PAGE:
David: I'm wondering, do you suggest eating 3 meals a day, or little meals throughout the day?

Dr. DesMaisons: Well, I always suggest that people start with having breakfast every day with some sort of protein and a complex carbohydrate. That is the first step of seven and usually it takes weeks to master.

People who are sugar sensitive HATE to have breakfast, because when you don't eat, your body releases beta endorphin and it makes you feel confident and strong, until it wears off!!! Then you feel horrible.

After you master breakfast, then I suggest working on three meals because starting and stopping is very good for your brain. It help to reinforce impulse control or the ability to say no.

David: We have many audience questions. Let's get to a few of those:

jenny23: How do you suggest controlling your meals like that?

Dr. DesMaisons: You start with baby steps. You do NOT try to go off of sugar in the beginning, and you just focus on one thing - breakfast with protein every day.

tinesangel: Are you saying foods with sugar can cause depression?

Dr. DesMaisons: No, I am saying they can contribute to depression. As I am sure you know, depression is a very complex, multifaceted issue, but I do believe that sometimes people are diagnosed for symptoms that come from sugar sensitivity rather than straight clinical depression. We have had thousands tell us that they cannot believe how much better they feel when they change their diets and that sugar makes them crash, even though in the short run it seems like a solution.

David: We have a lot of information about depression in the Depression Community.

TinaB: Do you find that even though we are called 'sugar sensitive', some folks may have a big problem with pasta and breads as triggers rather than sugar?

Dr. DesMaisons: Yes, sometimes those foods can be a bigger problem - especially since we are told that things like pasta are so healthy!!!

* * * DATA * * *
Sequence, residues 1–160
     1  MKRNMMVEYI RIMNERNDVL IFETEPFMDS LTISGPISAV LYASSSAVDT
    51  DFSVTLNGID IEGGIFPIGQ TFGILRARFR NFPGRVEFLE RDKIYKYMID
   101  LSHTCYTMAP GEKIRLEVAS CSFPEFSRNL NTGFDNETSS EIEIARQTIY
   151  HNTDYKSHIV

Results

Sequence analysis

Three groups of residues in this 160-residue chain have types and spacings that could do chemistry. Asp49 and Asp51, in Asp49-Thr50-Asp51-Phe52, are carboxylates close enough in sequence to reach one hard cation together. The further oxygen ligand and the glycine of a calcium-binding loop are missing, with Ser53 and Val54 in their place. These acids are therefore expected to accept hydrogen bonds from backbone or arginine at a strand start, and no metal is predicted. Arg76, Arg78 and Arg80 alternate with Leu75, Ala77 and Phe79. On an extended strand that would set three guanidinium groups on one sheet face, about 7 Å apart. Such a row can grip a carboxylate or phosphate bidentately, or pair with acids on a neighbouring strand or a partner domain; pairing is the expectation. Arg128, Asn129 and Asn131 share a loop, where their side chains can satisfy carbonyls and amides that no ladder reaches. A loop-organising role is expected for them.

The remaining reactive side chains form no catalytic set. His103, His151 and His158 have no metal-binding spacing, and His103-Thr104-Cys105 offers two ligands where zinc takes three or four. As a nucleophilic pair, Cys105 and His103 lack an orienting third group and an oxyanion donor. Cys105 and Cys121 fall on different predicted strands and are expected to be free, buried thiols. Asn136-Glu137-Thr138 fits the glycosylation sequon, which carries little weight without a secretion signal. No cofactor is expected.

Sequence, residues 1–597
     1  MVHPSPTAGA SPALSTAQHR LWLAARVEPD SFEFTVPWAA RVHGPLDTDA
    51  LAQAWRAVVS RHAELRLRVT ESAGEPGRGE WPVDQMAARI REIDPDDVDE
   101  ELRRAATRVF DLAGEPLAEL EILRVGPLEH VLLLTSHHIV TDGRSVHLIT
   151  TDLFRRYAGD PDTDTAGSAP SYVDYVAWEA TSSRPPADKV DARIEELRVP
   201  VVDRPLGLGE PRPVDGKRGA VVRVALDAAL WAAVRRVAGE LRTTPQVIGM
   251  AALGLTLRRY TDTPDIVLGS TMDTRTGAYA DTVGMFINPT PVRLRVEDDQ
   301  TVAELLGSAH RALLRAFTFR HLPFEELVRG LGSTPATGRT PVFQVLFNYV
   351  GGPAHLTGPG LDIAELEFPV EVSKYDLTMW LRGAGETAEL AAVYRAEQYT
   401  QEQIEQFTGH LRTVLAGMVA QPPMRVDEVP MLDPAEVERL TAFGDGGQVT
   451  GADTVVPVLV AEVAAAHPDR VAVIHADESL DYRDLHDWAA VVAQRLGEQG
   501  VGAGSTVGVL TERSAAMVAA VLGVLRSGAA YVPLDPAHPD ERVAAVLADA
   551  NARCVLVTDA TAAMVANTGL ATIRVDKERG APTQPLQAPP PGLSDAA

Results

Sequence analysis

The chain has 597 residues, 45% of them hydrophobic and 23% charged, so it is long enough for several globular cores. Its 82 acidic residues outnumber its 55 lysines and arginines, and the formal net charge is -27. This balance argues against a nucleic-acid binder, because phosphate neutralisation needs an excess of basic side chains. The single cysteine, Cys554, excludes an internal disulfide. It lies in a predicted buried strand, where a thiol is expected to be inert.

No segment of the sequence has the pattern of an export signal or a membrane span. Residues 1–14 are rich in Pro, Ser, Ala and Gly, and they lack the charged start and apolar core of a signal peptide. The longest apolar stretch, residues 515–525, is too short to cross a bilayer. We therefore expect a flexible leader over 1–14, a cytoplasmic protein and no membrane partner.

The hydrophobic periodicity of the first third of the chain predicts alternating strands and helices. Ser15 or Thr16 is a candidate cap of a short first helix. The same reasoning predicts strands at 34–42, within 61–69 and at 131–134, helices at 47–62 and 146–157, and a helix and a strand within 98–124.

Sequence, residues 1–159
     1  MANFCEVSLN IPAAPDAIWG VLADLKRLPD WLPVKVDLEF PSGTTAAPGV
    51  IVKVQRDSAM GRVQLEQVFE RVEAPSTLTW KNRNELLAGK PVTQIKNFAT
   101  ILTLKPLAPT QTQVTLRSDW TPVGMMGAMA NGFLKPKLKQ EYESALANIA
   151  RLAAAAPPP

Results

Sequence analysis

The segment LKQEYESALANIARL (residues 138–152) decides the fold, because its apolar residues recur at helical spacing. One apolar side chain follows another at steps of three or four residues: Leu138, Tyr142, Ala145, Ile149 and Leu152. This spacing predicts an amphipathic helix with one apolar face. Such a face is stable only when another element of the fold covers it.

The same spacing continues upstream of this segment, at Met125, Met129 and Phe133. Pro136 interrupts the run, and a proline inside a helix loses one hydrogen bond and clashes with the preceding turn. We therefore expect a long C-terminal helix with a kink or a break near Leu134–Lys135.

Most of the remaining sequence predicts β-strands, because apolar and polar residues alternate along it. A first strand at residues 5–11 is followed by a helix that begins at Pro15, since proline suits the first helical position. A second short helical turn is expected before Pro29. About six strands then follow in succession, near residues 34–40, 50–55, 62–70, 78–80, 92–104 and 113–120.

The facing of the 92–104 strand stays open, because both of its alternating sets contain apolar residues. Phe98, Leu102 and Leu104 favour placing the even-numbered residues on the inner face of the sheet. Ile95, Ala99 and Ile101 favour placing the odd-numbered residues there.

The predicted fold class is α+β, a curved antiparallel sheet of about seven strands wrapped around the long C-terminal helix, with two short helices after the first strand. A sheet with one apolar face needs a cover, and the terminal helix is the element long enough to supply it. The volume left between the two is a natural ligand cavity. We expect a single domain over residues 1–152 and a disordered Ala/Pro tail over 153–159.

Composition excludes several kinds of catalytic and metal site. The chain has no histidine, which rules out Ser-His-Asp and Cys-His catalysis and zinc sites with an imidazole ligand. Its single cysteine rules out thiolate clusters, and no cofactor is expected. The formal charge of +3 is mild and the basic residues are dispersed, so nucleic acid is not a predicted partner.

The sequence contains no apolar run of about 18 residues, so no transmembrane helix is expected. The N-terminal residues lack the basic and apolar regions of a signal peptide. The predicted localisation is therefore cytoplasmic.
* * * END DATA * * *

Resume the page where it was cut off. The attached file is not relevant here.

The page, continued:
David: What's it feel like quitting sugar?

Dr. DesMaisons: Oh my goodness!!!! It's like drug withdrawal! Let me go through the phases.

It takes about 5 days. At first you feel excited and ready, then you get cranky, and then, on the 4th day, you get nasty!! On the 5th day, you wake up and you feel like you died and went to heaven!!! But I do NOT recommend you go off of sugar until you set the foundation. Going off of sugar is the 6th of seven steps!

topmom: Why does your theory relate to "alcoholic" parents?

Dr. DesMaisons: Because the biochemistry of sugar sensitivity is so closely connected to the biochemistry of alcoholism. I think that sugar sensitivity is a gate to alcoholism for some. For many of us, we stay with sugars and food, but for many it drifts over to alcohol. We inherit the biochemical predisposition and it manifests in different ways.

daffyd: You talk about sugar addiction... My problem is that I am addicted to salt and salty foods. How does that relate to your theory?

Dr. DesMaisons: Well it may or may not be connected. You may be addicted to the foods that carry the salt or you may be addicted to the biochemical response that the salt creates in your body. Without knowing your whole story, I don't really know.

David: Also, and please correct me if I am wrong about this Dr. DesMaisons, but many foods that we think don't contain sugar, do.

Dr. DesMaisons: Absolutely true! Sugars are hidden everywhere!!!

EmilyAnne: I once went on a low carbohydrate/high protein diet. After 2-3 weeks I got EXTREMELY depressed and had to stop. Was that withdrawal, or maybe related to the tryptophan/carb connection?

Dr. DesMaisons: Absolutely, those diets actually DEPLETE serotonin, to say nothing of the trauma of sugar withdrawal in stopping that quickly!

What I am trying to do is actually enhance the level of serotonin very carefully. I want to give people a way to understand their own biochemistry so they can work WITH it to feel better.

anothernewone: Is there anywhere one can go when they already have many food allergies (now this is one more thing to eliminate)? I feel much better without sugar, but it's so very hard to say no all day long!

Dr. DesMaisons: No, this is about abundance, not deprivation. The plan I have actually helps to heal allergies. And you don't start taking anything out for a long time. You mostly work at putting things in. I know it is terrifying to think about giving up something which provides so much comfort!

Remember, I am a sugar addict, I KNOW the feelings and the fear, and how hard it is. We are talking about a very simple, very slow, and sort of boring solution. This is NOT a weight loss plan, this is a plan to heal your brain chemistry!